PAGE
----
Not along ago, Sir Alex Ferguson claimed Paul Gascgoine wouldn’t be facing the troubles he is had he signed for Manchester United. With Fergie shielding our young players from the limelight, enabling them to have long footballing careers rather than burning themselves out with partying, he believed he could have steered Gazza away from the alcoholic lifestyle.
“Around 1987, when Newcastle were bobbing above the relegation zone, we played them and my three central midfielders that day were Bryan Robson, Norman Whiteside and Remi Moses. All great footballers and he just tore them apart,” said Ferguson. “Robbo and Whiteside were chasing him up and down the pitch and they couldn’t get near him. We spoke to him the night before I went on holiday. He says ‘Go and enjoy yourself Mr Ferguson, I’ll be signing for Manchester United’. So I went on my holidays but Martin Edwards [then chairman] rang and said ‘I’ve got some bad news – he signed for Tottenham.”
Ferguson believes we had a good set up at United which would have ensured Gazza had a stable future. With his alcoholism eating him away, Fergie believes that his decision to sign for Spurs, after the London club bought a home up in the North East for his parents, was a mistake.
“I think it was a bad mistake, and Paul admits it,” Ferguson continued. “We had Bryan Robson, a Geordie, Steve Bruce, a Geordie, Gary Pallister, from Middlesbrough. We had a structure of players who could have helped him and it could have given him some discipline.”
The Sun have printed an article today by Terry Venables, comparing Gazza to our Wayne, painting a favourable picture of our number ten.
Seeing Wayne Rooney destroying Belarus the other night was just like watching Paul Gascoigne all over again. But there is one crucial difference between these working-class geniuses … Rooney can cope with all the hype and expectations created by his talent.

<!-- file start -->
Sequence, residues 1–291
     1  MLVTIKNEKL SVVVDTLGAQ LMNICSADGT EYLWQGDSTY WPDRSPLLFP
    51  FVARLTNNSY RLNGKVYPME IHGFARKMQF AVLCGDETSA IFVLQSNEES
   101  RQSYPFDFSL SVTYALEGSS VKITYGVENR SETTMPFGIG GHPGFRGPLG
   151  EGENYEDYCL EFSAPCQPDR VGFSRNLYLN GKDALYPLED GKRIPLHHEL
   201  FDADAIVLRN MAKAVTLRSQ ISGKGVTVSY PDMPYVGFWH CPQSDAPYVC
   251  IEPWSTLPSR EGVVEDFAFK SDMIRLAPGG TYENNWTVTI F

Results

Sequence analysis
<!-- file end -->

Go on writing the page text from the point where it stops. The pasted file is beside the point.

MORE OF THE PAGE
I didn’t really get to know Wayne that well during my recent time as England coach but I always found him to be a polite, respectful young man. He’s not the sort of bloke who seeks the limelight. You’ll never see him courting publicity or willingly volunteering to talk to the media. Yet he’s relaxed and confident when he’s with his pals and can be the joker in that group.
Gazza was very similar in many ways, but much more of an extrovert. He hogged the whole show … on and off the pitch. He wanted to make everyone laugh and be loved by everyone. Rooney is happy just being accepted by his colleagues. He has handled his fame very well and, though he is more than capable of expressing himself in the papers and on TV, that’s not what he’s about.
A lot of really special talents believe they don’t have to put in a shift for the team because they are supplying the magic. Wayne’s work ethic is not just impressive, it’s startling. In fact, some people believe he works too hard, particularly in areas of the pitch where he’s not supposed to be. But the fact is he can handle that workload and it doesn’t detract from his effectiveness. He’s not happy unless he feels he’s pulling his weight.
Like Gazza, he has that schoolboy’s enthusiasm for the game. Watch him in training and he’s like a little boy in the playground. His current form for England is the best we’ve seen since Euro 2004. The reason for his resurgence is because he’s fit, healthy and enjoying a regular run of games. Because he’s built like a boxer — short and stocky — it’s more important for him to be the right weight and have proper fitness. Taller, leaner players tend to come back from injury quicker.
Right now, Rooney is banging them in like there is no tomorrow. But he would honestly be just as happy not to score as long as the team is winning. And that is what makes him so special.